The ONLY difference with the lower RTP, is that you get a lot less spins for your money :mad:

In my opinion, lowering the RTPs will ultimately make the casinos and providers LESS profits, because people don't like paying the same as before for less "product".

KK
(Pretty sure my maths is right, but happy to be corrected!)
100% correct- the house edge doubles from 4 to 8%, your play time halves. Therefore your chance of having that big-win spin halves.
 

bamberfishcake

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So the people who are used to a certain play-time will probably deposit more.

And people new to slots will get a worse experience.

Agree its bad on the whole for the industry.
 

brianmon

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I think some people are missing the point on the RTP thing.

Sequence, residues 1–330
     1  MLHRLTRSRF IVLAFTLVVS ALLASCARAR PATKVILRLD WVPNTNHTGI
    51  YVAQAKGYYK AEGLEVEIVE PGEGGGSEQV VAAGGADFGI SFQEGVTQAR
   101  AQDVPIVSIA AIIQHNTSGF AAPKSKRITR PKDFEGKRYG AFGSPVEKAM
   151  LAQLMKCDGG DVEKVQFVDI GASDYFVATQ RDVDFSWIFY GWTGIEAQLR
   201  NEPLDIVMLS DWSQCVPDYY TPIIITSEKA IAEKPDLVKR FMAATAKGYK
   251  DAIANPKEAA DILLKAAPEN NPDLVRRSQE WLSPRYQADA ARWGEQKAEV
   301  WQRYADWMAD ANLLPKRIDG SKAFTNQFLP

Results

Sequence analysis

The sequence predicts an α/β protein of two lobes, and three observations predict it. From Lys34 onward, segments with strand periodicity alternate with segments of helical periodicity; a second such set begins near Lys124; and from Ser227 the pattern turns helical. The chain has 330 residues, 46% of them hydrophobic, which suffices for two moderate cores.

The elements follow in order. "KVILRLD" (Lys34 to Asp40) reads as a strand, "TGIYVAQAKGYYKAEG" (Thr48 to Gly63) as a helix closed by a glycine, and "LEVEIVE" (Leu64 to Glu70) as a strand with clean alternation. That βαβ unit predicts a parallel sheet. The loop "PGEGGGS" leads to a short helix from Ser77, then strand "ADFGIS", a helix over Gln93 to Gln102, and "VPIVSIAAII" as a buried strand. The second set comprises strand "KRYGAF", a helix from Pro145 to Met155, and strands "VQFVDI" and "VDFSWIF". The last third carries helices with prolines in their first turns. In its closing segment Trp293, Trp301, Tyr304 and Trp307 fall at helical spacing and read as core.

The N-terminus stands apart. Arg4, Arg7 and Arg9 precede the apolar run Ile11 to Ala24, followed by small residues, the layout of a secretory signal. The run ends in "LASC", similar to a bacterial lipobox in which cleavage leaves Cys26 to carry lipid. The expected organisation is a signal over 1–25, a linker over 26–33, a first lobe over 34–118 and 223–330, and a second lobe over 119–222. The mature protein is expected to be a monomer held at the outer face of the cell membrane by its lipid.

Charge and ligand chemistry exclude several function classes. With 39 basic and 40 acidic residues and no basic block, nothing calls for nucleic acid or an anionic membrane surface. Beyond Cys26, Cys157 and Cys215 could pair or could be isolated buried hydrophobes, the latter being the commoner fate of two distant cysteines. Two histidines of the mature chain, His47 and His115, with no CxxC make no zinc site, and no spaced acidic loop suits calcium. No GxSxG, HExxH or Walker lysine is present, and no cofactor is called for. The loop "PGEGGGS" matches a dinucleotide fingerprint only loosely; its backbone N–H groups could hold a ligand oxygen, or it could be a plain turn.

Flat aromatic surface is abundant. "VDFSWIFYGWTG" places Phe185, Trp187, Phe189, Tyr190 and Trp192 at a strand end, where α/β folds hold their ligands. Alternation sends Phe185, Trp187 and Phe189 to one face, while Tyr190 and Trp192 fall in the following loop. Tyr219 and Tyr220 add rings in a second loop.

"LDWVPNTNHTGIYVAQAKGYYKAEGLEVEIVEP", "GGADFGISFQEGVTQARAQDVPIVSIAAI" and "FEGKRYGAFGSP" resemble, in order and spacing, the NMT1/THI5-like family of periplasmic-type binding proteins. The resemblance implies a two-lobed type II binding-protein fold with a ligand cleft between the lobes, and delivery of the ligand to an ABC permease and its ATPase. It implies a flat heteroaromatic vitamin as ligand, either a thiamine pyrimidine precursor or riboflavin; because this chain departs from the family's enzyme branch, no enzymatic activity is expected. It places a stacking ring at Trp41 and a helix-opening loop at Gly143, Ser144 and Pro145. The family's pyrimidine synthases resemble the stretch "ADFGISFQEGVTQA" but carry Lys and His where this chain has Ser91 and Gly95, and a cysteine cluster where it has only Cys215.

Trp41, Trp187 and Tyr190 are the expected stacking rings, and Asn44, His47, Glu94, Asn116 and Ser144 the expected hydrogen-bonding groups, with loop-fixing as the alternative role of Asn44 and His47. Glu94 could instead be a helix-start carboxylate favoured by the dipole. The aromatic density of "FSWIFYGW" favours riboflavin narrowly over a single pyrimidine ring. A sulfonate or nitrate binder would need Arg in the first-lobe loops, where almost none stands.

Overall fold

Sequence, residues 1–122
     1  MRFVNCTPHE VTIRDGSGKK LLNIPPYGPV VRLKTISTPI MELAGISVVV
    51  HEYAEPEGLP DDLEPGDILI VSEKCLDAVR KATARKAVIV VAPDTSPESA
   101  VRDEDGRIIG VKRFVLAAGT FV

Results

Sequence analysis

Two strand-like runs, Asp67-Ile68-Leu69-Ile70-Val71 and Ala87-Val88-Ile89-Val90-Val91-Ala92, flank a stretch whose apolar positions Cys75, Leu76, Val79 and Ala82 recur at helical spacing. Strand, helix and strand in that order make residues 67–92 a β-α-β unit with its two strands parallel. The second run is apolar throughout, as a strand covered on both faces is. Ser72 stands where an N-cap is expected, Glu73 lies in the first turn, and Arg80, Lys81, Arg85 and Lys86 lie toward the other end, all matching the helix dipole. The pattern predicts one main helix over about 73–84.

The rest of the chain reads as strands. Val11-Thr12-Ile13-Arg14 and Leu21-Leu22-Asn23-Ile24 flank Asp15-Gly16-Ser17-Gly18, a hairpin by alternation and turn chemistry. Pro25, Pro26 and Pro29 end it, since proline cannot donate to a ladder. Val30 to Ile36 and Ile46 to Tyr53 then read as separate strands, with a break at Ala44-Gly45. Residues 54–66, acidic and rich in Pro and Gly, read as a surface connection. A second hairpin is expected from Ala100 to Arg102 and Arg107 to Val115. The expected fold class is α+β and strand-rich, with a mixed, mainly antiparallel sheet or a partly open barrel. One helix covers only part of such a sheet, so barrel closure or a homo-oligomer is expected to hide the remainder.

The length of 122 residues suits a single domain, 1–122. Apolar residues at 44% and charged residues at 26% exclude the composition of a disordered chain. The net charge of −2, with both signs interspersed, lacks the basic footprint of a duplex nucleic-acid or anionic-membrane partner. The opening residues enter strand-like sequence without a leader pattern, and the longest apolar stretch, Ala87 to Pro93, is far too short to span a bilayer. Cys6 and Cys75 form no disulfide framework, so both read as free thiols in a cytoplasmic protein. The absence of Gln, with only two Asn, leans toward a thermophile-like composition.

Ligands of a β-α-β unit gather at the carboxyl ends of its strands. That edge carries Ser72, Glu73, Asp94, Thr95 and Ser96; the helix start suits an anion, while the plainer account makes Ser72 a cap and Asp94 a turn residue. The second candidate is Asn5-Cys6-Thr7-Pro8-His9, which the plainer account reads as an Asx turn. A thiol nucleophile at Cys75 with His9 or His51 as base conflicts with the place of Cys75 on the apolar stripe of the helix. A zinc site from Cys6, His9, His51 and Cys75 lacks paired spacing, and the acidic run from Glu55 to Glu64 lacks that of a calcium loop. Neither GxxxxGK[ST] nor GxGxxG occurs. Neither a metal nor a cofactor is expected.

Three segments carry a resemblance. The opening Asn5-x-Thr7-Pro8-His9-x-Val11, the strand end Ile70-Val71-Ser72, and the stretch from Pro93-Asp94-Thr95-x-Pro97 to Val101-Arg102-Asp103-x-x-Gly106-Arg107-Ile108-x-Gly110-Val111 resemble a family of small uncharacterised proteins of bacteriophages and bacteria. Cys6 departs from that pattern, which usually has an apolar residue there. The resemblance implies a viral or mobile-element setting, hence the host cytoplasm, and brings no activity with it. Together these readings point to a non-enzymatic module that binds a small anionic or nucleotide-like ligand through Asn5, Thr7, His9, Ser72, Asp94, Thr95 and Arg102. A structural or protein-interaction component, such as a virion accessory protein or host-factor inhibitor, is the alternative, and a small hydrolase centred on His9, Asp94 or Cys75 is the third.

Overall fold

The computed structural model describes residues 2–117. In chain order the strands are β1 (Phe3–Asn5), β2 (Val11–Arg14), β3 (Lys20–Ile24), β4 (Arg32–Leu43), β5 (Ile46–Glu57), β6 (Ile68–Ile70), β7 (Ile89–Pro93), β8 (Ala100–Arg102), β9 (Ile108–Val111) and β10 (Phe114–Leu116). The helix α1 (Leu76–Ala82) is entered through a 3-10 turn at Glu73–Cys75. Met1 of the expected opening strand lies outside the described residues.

If you deposited £100 and played £1 spins on a 96% RTP game, on average you would get 2,475 spins before your balance dropped below £1.
If the RTP was 94%, you would get 1,650 spins
And if it was 92% you would only get 1,238 spins before busting out.

Now in all 3 cases - you lose £100, the casino makes £100 and the provider gets the same share of the profit.
The ONLY difference with the lower RTP, is that you get a lot less spins for your money :mad:

In my opinion, lowering the RTPs will ultimately make the casinos and providers LESS profits, because people don't like paying the same as before for less "product".

KK
(Pretty sure my maths is right, but happy to be corrected!)
That's assuming zero variance. So every player deposits and plays to zero, without making any profit.
Since games don't run at zero variance, that argument can only be applied to the whole player base, not the individual player.